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Ahmet Davutoğlu
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Daniel Ayalon
Photo: Shahar Azran
Turkish FM walks out on Ayalon speech in NYC
Ahmet Davutoğlu leaves international anti-terror conference as Israeli deputy FM gears to address participants

WASHINGTON – Turkish Foreign Minister Ahmet Davutoğlu left an international conference on terror just moments before Deputy Foreign Minister Daniel Ayalon was set to address its participants.

 

Other than Davutoğlu and Ayalon, French Foreign Minister Alain Juppé and his Italian counterpart Franco Frattini also spoke an the conference.

 

Ayalon's personal history with Turkish official was muddied in 2010, when he summoned Turkish Ambassador to Israel Ahmet Oguz Celikkol to the Foreign Ministry to reprimand him over an anti-Israel Turkish TV show and made him sit on a chair lower than his own – an act perceived as a deliberate humiliation of Ankara's diplomat.

 


הכיסא הטורקי מיותם בכינוס שבו דיבר איילון (צילום: שחר עזרן)

Davutoğlu's empty chair (Photo: Shahar Azran) 

 

Nevertheless, it is possible that the Turkish FM would have left regardless of the Israeli speaker's identity, as it is common for Turkish diplomats to leave international venues as Israeli diplomats are about to speak.

 

Ayalon's address focused on the need for the international to act in unison against Iran's "terror policies." The deputy foreign minister called Iran an "international terror hub" and urged the international community to increase its enforcement of the sanctions imposed on the Islamic Republic, as well as on Hezbollah and Hamas.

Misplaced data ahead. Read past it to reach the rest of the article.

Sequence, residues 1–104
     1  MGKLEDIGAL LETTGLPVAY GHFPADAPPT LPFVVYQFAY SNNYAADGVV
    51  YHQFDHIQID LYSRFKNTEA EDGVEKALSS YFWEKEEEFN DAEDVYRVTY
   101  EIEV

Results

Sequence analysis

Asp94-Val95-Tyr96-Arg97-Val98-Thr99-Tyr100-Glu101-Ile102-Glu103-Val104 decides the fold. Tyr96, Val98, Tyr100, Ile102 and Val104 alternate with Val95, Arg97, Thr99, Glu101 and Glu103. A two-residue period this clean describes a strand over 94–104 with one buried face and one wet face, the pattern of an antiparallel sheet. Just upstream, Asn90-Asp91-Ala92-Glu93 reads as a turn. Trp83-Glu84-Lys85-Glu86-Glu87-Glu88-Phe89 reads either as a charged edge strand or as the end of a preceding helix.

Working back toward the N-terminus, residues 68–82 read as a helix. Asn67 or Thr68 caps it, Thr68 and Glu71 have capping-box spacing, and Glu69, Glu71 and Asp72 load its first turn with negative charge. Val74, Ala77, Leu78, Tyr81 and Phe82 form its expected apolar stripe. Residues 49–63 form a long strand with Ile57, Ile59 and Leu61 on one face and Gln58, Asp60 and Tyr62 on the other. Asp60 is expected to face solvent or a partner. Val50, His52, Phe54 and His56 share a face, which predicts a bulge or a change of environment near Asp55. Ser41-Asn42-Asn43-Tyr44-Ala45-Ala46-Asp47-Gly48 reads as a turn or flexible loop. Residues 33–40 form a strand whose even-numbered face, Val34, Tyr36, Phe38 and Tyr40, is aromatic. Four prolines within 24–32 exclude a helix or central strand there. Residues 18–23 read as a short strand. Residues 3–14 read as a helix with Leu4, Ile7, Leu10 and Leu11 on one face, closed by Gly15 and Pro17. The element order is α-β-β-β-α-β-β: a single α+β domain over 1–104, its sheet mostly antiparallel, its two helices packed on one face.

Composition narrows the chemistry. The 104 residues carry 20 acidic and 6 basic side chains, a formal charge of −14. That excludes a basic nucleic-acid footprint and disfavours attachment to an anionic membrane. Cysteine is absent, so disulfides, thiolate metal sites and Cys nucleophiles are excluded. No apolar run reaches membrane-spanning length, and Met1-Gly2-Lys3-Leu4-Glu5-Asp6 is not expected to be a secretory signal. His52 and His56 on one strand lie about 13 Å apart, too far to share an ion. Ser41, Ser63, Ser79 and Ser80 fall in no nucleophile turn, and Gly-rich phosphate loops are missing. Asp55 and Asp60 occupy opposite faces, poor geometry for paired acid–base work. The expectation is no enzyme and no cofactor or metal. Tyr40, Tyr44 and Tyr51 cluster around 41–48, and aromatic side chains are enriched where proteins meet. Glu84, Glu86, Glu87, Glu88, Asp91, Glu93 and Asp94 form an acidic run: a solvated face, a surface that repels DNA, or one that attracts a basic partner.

Ayalon also mentioned Israel's contribution and assistance to the UN and various international bodies in the war on terror, noting Israel's anti-terror collaborations in Kenya, Uganda and Ethiopia and in Latin America.

 

Commenting on Davutoğlu's departure, ayalon said he was sorry that "not all NATO members see fit to cooperate with Israel (stance) in the session."

 

 

Earlier Monday, US Secretary of State Hillary Clinton met with the Turkish FM and urged him to "leave the door ajar" for the normalization of Israel-Turkey relations, which are at an all time low.

 

A source privy to the two's meeting told Ynet that Clinton used the one-hour meeting to try and repair the rift between Jerusalem and Ankara. "Clinton wants to see Israel and Turkey find a way to mend their relationship, which is so important."

 

Another senior American source said that Clinton reminded Davutoğlu that the "Middle East is at a time when it does not need any more regional tensions."

 

Ronen Medzini contributed to this report

 

 

 

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